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Spring fever

Picking up rocks in the garden

Winter’s back is broken. The temperature today reached 68 degrees. The daffodil shoots are a couple of inches high. While I have been recovering from minor surgery, Ken has a serious case of spring fever. This morning he washed all the windows, inside and out. Then we measured for an extension of the chicken fence into the woods, to give the chickens more scratching space and more summer shade. Ken wrote up a list of spring chores, including seeding and fertilizing the yard and orchard, mulching, and getting the spring garden planted. We’re a little late with pruning the apple trees. That needs to be done this week. The seeds for the spring garden have been ordered.

It was a harsh winter. Several times the temperature dropped as low as 4F. Most winters, the grass retains a strong tinge of green, but this winter everything went brown. The current generation of chickens (there are six of them) are the fiercest scratchers we’ve ever seen. They were damaging the turf in the orchard, so we allowed them only in the garden for most of the winter, where they could do no permanent harm to dormant growing things other than the garden’s cover crop of winter rye. Between the cold and the constant digging of the chickens, not a single sprout of the winter rye in the garden seems to have survived.

One couldn’t possibly have too much pasture for chickens. When growing conditions for grass are good, the grass can stay ahead of the chickens. But the girls can make a big mess of things in the winter. Luckily our chickens can be restricted either to the orchard or to the garden, with the chicken house in the middle. That saved the turf in the orchard this winter. The plan now is to add several hundred square feet of fenced area inside the woods.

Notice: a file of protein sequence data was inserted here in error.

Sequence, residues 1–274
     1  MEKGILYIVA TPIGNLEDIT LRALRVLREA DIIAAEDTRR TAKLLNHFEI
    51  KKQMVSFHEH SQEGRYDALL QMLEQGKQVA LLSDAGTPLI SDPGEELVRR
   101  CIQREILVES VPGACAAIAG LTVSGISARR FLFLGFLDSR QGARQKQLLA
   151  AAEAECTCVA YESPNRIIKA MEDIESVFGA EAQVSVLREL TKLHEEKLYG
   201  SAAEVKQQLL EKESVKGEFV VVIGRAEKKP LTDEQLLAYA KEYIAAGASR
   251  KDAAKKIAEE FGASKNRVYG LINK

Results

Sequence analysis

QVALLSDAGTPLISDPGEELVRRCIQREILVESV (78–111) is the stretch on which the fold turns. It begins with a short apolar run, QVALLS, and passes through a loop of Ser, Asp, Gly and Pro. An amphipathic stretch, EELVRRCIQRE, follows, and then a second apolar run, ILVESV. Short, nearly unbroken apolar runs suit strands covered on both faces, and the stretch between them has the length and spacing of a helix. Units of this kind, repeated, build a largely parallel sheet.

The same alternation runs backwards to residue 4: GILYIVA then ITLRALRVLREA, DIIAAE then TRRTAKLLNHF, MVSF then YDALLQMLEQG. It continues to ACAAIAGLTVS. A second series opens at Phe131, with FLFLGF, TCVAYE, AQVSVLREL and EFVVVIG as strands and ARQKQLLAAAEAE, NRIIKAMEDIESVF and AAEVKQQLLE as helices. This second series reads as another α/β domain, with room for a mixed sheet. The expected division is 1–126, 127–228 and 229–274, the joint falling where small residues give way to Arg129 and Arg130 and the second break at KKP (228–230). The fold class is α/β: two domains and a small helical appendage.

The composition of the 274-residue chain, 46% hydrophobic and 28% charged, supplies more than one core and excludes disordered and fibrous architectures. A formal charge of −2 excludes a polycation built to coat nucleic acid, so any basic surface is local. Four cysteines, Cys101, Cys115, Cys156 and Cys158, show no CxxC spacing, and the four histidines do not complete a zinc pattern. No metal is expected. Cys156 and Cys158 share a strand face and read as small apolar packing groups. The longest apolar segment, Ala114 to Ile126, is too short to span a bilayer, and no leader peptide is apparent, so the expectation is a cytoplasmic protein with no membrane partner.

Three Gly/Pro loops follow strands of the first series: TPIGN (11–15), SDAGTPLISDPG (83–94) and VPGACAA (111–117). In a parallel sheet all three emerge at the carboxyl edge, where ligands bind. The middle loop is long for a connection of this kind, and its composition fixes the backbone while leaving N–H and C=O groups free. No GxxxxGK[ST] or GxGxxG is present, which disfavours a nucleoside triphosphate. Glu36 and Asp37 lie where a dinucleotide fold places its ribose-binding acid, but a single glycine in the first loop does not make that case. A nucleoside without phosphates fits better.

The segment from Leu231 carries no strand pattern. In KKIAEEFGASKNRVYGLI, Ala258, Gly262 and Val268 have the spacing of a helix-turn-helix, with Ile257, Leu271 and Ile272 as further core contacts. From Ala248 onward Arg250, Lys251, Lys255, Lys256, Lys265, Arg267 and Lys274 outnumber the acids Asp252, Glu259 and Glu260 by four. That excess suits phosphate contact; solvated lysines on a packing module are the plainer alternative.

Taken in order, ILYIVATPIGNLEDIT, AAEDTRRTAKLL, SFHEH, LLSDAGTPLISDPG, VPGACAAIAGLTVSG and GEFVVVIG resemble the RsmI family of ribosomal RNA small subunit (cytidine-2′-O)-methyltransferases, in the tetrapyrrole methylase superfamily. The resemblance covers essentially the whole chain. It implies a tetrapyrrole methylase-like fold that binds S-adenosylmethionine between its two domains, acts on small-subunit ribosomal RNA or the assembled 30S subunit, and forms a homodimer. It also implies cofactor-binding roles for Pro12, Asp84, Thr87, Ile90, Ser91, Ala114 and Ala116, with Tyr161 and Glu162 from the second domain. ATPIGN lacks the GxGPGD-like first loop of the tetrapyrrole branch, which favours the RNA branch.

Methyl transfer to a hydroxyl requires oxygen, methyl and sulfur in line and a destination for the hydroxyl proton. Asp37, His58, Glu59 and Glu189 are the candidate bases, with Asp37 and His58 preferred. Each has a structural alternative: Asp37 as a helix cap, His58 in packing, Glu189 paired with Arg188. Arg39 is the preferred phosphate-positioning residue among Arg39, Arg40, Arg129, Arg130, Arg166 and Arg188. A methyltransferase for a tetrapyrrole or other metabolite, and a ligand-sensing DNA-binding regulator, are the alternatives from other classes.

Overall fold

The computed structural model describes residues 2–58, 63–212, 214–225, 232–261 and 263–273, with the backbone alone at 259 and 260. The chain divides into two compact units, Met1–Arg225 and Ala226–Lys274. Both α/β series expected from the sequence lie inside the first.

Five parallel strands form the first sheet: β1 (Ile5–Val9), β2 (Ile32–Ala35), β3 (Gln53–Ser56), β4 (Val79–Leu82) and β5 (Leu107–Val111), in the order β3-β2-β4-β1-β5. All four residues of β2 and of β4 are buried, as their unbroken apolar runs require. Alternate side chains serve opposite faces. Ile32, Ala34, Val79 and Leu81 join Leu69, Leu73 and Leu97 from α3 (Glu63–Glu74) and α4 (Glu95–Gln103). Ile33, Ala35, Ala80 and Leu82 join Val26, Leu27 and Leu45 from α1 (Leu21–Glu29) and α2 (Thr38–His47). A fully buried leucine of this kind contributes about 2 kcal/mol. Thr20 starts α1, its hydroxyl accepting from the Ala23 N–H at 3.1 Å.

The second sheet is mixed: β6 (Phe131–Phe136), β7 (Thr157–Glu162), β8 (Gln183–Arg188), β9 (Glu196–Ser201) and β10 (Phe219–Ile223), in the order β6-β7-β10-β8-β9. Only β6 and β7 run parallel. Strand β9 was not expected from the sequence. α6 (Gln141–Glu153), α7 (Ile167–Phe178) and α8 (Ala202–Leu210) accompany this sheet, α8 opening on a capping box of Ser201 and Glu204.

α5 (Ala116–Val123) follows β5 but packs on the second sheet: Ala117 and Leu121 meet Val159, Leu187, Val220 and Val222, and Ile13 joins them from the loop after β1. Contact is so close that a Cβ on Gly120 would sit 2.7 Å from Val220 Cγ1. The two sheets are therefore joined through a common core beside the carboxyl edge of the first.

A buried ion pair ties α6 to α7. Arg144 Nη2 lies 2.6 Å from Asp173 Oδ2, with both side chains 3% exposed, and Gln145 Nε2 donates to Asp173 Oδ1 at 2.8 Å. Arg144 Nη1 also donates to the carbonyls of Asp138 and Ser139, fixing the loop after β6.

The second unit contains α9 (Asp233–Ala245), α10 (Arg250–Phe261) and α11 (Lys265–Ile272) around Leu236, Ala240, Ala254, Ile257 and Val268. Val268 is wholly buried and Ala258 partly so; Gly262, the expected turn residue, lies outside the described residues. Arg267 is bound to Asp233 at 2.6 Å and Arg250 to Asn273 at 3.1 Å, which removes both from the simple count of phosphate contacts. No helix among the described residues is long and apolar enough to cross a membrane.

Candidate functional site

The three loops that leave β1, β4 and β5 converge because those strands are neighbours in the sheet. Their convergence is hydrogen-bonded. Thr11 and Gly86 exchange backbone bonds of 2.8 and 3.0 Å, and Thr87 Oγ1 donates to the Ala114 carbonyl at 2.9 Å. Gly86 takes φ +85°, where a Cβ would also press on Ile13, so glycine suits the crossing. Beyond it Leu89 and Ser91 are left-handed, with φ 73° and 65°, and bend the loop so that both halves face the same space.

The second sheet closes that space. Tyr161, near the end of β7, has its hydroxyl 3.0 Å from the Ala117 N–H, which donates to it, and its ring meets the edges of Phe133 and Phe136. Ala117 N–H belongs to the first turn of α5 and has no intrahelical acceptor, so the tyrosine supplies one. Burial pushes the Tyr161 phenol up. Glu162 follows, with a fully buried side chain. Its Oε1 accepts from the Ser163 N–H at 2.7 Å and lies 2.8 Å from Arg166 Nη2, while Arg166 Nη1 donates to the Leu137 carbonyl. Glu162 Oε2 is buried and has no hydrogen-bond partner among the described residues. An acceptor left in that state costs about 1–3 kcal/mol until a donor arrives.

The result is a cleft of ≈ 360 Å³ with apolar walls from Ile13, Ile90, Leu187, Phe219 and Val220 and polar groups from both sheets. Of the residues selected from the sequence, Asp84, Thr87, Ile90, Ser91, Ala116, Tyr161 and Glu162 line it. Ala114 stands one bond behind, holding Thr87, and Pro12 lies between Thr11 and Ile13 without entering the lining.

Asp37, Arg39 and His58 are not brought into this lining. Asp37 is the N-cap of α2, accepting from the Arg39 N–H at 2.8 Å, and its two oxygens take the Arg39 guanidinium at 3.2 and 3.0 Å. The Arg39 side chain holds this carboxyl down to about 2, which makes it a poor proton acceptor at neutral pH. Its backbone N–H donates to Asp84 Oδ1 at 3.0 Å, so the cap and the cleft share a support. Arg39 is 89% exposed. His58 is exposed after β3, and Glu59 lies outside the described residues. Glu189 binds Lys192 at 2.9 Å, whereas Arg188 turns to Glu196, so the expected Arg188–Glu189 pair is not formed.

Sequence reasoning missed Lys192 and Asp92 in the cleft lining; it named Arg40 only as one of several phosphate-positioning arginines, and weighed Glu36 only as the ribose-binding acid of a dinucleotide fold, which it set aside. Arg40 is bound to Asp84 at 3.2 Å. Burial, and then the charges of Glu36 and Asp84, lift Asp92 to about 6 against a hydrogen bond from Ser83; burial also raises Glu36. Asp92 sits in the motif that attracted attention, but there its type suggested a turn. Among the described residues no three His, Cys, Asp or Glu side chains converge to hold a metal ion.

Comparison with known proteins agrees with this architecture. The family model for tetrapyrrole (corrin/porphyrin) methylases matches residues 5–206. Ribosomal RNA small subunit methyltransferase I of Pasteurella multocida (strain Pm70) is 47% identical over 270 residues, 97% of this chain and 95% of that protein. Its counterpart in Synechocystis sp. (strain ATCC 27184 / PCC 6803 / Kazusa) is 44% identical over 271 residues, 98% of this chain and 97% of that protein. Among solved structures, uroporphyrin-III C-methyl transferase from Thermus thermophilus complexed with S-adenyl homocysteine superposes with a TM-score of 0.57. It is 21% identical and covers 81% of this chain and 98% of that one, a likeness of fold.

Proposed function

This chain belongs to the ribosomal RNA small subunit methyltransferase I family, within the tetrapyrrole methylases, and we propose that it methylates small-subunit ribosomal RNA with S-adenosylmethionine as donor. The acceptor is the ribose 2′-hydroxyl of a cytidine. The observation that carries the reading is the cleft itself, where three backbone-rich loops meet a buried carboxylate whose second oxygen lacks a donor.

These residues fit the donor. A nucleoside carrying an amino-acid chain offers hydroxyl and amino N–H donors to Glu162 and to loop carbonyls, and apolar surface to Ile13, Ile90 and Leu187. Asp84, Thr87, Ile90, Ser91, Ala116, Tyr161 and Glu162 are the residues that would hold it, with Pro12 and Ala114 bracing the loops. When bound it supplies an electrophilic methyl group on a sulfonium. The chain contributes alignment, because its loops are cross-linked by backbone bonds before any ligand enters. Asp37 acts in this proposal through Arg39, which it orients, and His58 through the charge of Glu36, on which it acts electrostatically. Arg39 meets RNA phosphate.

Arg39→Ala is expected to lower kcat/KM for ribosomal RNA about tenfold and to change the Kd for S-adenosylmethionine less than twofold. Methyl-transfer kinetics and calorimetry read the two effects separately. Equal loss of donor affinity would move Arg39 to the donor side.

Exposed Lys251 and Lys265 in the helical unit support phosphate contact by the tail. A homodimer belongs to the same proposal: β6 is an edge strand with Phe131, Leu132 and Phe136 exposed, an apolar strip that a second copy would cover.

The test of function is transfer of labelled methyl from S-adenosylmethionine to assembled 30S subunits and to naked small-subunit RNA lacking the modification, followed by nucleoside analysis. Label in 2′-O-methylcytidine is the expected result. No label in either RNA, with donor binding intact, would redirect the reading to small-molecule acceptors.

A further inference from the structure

When you’re committed to your chickens, the labor never ends. Partly this is because chickens become part of the family. And partly it’s because, once you become accustomed to home-laid eggs from properly pastured hens, there is no going back. No matter how much you’re willing to spend on eggs at places like Whole Foods, there is just no comparison.


  1. Jo Anne Sapp wrote:

    I certainly agree with you concerning freshly laid eggs. My daughter and son-in-law have chickens and we are the recipient of eggs when we see them. Your posts are always interesting. I am looking forward to your book.

    Monday, February 24, 2014 at 12:01 am | Permalink
  2. Candace wrote:

    Nice to see that Ken survived his trip to Scotland. And hurray for more chicken room! I hope they enjoy it.

    Tuesday, February 25, 2014 at 6:24 pm | Permalink

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